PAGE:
Jessica Vermeer
30 January 2020

Researchers from University of Twente’s Mesa+ Institute have developed a fully experimental method for determining the bandgap in crystals with a ‘3D photonic bandgap’. These crystals are used to control light and can be applied in new types of solar cells, sensors and miniature lasers.

Photonic crystals have a special structure, which forbids a range of wavelengths passing through. This adds control of light in silicon and opens up the possibility of connecting electronics and photonics. The crystals are created with nanoscale fabrication, leading to a perfectly periodic pattern of pores.

UT photonic crystals
Credit: University of Twente

Until now, there was no practical way to evaluate the quality of a photonic crystal and to tell, for example, how the pore size and forbidden range match. Instead, theoretical models were used to determine the characteristic wavelength region. However, these idealized models always start with some assumptions, eg about fabrication disorders – not all of which can be included.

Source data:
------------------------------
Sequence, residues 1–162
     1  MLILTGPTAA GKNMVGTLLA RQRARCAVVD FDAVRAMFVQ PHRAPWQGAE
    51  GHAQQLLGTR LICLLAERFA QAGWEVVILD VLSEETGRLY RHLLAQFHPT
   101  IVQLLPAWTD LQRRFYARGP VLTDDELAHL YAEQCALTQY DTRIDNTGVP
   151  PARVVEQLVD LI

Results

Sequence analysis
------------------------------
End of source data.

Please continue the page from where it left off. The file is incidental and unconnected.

Using the new experimental technique, it’s possible to rapidly evaluate the quality of a photonic crystal, making it easier to tune the fabrication process for new applications in optoelectronics and quantum photonics. By shining a light on the crystal, of broad bandwidth and over many angles of incidence, the Mesa+ researchers can measure reflectivity, identifying the exact range that’s forbidden. They do this for two perpendicular polarizations of the input light. High-quality crystals show over 90 percent of reflectivity in the forbidden band.